Picture​What we learn here is an admission by George Saunders that he had gone to Greenore for a job interview, and that he left Greenore before the mv Mi Amigo departed from Greenore, which was after the mv Fredericia had already left.

We think that George arrived on or near to March 13, 1964, and departed before March 27, 1964 when the mv Fredericia left Greenore.

"I know I joined her at Brightlingsea because I was living in Essex so it wasn’t far from here at all. Brightlingsea was a branch line from Colchester. Not long after Atlanta had opened, Dr Beeching decided to close the branch line, so that made life a bit more awkward. So there was every reason for us to move to Parkeston Quay to Harwich and that was a much better station."

But George refers to two other items of interest concerning the real timeline of events. We will address the second one first, and that is what appears to be a hurried departure from Greenore by the mv Mi Amigo. Was it ejected? Had DEW finished their work or bodged this job as well as the transmitters? Was Harry Spencer thrown out of Greenore, along with the second ship? Is that why the mv Mi Amigo had to put into Falmouth on April 21, 1964 for emergency repairs?

Now let's look again at the first item concerning that Granada film team. Granada did shoot film around the Greenore area, and that was after the mv Fredericia had departed, because only the mv Mi Amigio was there at the time. A news report in the 'Daily Telegraph' on April 2, 1964, noted that the men working on the mv Mi Amigo were not local to Greenore, and no one was talking about what they were doing. But the Granada film crew production that was transmitted as part of the 'World in Action' series on May 12, 1964, seems to have angered people at Greenore because it portrayed  them in a bad light by comparing them with pirates of old.

George admits that there was a gap between the time he was at Greenore and the time he left Marconi to join Radio Atlanta. Remember, we asked George if he ever went to 47 Dean Street, and he replied: "No I never went, never visited it."

He was also asked if he ever went to 6 Chesterfield Gardens, which was given the name of 'Caroline House': "Ah now, after the merger, I was on the ship when the merger took place. Caroline House then moved to 6 Chesterfield Gardens and obviously I went there. On my fourth night ashore, I deputed for John Gilman in Caroline House London as chief radio engineer. That actually was very useful because it gave me an insight into what was going on, all over the place. It was time well spent as far as I was concerned."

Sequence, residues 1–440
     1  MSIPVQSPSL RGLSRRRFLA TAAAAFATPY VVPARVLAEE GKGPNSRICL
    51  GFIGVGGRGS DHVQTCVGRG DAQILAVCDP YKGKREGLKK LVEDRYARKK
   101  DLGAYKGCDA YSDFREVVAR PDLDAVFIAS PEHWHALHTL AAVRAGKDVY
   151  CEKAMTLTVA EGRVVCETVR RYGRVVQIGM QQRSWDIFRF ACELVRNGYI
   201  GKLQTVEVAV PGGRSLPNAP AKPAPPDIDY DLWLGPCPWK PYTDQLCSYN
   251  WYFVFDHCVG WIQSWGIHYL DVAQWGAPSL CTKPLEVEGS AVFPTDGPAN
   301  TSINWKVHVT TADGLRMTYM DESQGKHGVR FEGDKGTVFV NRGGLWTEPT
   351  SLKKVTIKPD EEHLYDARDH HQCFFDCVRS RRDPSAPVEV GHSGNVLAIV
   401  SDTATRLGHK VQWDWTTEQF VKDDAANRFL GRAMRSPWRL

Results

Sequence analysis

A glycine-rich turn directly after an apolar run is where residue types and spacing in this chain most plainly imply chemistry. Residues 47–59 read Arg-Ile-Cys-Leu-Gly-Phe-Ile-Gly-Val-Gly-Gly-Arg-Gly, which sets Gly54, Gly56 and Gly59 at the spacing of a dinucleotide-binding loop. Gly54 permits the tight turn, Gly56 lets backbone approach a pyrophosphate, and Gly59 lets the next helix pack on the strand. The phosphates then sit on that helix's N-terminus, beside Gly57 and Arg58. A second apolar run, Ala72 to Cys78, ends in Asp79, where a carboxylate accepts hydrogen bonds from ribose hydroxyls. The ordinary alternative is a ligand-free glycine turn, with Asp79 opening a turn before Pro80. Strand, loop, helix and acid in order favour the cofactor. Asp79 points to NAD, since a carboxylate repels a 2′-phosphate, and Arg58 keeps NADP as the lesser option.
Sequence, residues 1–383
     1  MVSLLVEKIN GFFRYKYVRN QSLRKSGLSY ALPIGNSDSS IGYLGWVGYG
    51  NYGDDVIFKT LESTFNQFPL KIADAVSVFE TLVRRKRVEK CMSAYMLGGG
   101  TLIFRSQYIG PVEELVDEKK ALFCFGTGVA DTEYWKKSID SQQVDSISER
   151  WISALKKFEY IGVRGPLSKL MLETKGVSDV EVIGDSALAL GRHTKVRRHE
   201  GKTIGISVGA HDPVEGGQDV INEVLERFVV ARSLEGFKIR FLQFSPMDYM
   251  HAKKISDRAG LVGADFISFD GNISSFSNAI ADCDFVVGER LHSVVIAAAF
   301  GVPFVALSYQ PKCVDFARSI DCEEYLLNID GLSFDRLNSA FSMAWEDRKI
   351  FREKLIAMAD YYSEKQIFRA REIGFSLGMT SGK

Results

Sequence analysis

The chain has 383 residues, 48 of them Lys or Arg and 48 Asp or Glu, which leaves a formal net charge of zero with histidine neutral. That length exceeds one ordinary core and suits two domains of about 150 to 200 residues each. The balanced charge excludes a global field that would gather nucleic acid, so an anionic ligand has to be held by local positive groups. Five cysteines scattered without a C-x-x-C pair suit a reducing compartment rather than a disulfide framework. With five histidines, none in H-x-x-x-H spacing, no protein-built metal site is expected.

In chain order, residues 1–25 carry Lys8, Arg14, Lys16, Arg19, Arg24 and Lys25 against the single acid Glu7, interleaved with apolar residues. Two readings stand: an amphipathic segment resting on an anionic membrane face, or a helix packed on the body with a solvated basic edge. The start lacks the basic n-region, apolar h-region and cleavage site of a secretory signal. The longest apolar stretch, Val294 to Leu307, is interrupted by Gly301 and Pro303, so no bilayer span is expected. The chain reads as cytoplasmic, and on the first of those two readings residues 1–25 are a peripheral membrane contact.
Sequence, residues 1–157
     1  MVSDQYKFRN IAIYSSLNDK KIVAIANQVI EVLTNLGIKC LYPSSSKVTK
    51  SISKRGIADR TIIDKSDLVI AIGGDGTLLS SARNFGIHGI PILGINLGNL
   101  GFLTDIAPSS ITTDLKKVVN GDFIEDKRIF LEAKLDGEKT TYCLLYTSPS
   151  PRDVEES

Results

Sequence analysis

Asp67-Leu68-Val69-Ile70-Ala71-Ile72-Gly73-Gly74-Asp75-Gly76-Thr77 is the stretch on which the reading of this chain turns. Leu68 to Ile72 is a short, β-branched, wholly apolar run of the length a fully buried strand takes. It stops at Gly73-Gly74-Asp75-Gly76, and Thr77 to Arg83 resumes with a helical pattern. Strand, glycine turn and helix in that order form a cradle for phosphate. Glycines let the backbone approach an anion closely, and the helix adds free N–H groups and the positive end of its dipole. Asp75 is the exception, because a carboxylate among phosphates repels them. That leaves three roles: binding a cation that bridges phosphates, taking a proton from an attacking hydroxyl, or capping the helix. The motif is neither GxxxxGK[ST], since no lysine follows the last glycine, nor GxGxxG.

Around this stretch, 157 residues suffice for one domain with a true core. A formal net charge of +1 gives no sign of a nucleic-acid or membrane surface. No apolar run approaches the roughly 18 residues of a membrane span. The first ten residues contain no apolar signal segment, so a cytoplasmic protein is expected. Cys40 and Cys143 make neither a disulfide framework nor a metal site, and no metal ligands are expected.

But George admitted that he never toured 6 Chesterfield Gardens, and he confined himself to the area where Gilman had his office. So George did not gain any insight into what was going on, and this is obvious from his lack of basic first-hand knowledge about who and what was behind the Radio Caroline operation where there was no "merger" as such.

When George later terminated his employment with the Caroline organization, he soon realized that he had no idea who had really employed him, or who he had been really working for!

"Now, when I left them, jumping ahead quite a bit, my new employers wanted a reference, so I wrote to Caroline and explained what I wanted. So eventually after a couple of days an envelope plopped through my door and I opened it and it was a reference I wanted. But it was from a firm I‘d never heard of, Hanicon Investments Inc Panama, European Agency Offshore Tender & Supply Company Baarn Holland. Now the offshore Tender and Supply Co was in turn an offshoot of Wijsmuller Company, the big Dutch towage. So I think that’s who we were."

George was asked if he knew who owned the two ships:

"I think after the merger, the Dutch owned the ships and then if you then think forward a bit more, when Caroline eventually closed down in 1968, they were seized by the two Dutch tugs. I think this is just the case that the Dutch decided that there were unpaid bills and they’d had enough and they were going to call in the investment.  Now I appreciate this might not be a popular view for some people but I think that’s actually what happened."

So a lot of what George Saunders thought that he knew about Radio Atlanta and Radio Caroline, he really didn't know at all, and this led to him blaming Ove for something that Ove clearly did not do. Whether Ove should have been sacked because he was incapable of performing the job of Chief Engineer, well that is another matter.
It all boils down to too many inflated egos all puffing themselves up in the same way that Johnnie Walker did when talking about Don Pierson, and none of them had a clue as to what the real story was, or is.

We do, and we will reveal more tomorrow by taking a detailed look at the life of Aodogán O'Rahilly. You will then begin to understand why Ronan O'Rahilly showed up in London and what he was really trying to accomplish. It isn't what you think!